Economy & Trade, Financial Crisis, Headlines, North America

FINANCE-US: AIG's Offshore Strategies Hide a Scam

Lucy Komisar*

NEW YORK, Dec 19 2008 (IPS) - The company getting the biggest U.S. bailout operated a scam to help clients cheat on U.S. taxes, regulators say. It is AIG, American International Group, the world's largest insurance conglomerate.

AIG was run by Maurice "Hank" Greenberg. He was ousted as CEO in 2005 by the board of directors after the New York Attorney General charged him with fraudulent business practices, securities fraud, and other violations.

These charges did not mention a captive insurance scam that Greenberg, famous as a hands-on manager, would have been involved in approving. AIG took inflated fees from customers, set up reinsurance companies for them in Bermuda, and bought reinsurance from them, effectively giving their clients tax-free cash in that offshore island.

Would Greenberg have known that his company was writing such a tax-evading policy for the likes of Victor Posner, a notorious crook who was banned from public companies by the Securities and Exchange Commission (SEC) in 1988? Very likely.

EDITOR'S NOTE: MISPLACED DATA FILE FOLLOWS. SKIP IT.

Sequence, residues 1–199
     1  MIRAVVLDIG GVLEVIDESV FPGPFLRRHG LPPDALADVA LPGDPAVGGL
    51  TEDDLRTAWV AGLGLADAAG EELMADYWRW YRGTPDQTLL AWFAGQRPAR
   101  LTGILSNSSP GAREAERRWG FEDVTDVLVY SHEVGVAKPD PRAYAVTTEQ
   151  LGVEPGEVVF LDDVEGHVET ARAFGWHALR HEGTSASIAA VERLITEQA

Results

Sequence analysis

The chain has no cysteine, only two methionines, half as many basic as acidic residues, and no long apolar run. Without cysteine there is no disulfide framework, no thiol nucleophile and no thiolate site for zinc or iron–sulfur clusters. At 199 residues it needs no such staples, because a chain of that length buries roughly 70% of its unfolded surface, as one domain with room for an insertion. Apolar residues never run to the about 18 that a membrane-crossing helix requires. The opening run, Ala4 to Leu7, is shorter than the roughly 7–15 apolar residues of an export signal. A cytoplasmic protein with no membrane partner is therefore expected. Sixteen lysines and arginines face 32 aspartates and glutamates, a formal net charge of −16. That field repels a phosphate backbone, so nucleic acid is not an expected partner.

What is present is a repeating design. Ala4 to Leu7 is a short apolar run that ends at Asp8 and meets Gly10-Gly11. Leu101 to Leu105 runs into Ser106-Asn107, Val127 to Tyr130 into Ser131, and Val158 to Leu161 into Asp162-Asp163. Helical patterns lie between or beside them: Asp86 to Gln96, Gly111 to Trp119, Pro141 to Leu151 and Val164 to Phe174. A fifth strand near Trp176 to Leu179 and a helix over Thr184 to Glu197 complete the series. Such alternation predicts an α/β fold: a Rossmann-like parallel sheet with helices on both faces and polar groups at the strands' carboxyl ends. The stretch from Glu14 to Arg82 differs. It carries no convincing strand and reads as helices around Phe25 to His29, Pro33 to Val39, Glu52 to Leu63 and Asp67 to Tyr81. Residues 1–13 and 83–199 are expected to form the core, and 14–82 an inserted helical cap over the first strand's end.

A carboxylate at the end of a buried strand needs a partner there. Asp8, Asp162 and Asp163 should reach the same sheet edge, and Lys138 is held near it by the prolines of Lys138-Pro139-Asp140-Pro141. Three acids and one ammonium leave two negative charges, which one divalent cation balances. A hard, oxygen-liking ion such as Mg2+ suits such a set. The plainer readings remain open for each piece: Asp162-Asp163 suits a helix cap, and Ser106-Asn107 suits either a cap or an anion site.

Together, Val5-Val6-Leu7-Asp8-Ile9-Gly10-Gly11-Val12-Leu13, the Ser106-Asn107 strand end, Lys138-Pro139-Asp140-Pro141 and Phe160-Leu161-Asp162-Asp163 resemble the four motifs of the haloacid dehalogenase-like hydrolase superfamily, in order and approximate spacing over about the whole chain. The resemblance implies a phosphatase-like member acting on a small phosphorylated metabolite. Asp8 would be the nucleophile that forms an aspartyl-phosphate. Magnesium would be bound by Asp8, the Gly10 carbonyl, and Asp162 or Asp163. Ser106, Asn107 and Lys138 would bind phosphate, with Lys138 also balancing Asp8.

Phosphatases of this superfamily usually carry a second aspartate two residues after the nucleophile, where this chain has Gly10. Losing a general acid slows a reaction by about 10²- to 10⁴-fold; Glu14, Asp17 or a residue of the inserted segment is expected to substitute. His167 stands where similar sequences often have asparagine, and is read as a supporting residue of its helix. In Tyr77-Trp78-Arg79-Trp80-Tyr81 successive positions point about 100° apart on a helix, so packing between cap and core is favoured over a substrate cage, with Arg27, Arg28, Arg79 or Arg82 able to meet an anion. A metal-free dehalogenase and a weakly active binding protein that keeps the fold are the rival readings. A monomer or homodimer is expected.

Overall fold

The scam was discovered by Terry Mills who worked for a large insurance company in Delaware and was tasked to investigate the insurance of Posner's NVF Corporation in 1993. Mills found that the premiums were double the going rate. He said, "We were able to find them coverage in the standard market."

However, the Delaware Insurance Department did not make the scam public or take any action against AIG, which was so powerful that it intimidated government regulators. (The Delaware regulator who talked to IPS said AIG sent a private investigator to harass him.)

Provided the details of what AIG did, company spokesman Andrew Silver replied, "We don't have any comment on that."

That is because the captive insurance scam was systemic. "This was not an isolated case … AIG did that a lot," a former insurance regulator said, speaking under condition of anonymity. "AIG helped companies set up offshore captive reinsurance companies. AIG would then overcharge on insurance and pay reinsurance premiums to the captives, giving the captive owners tax-free offshore income."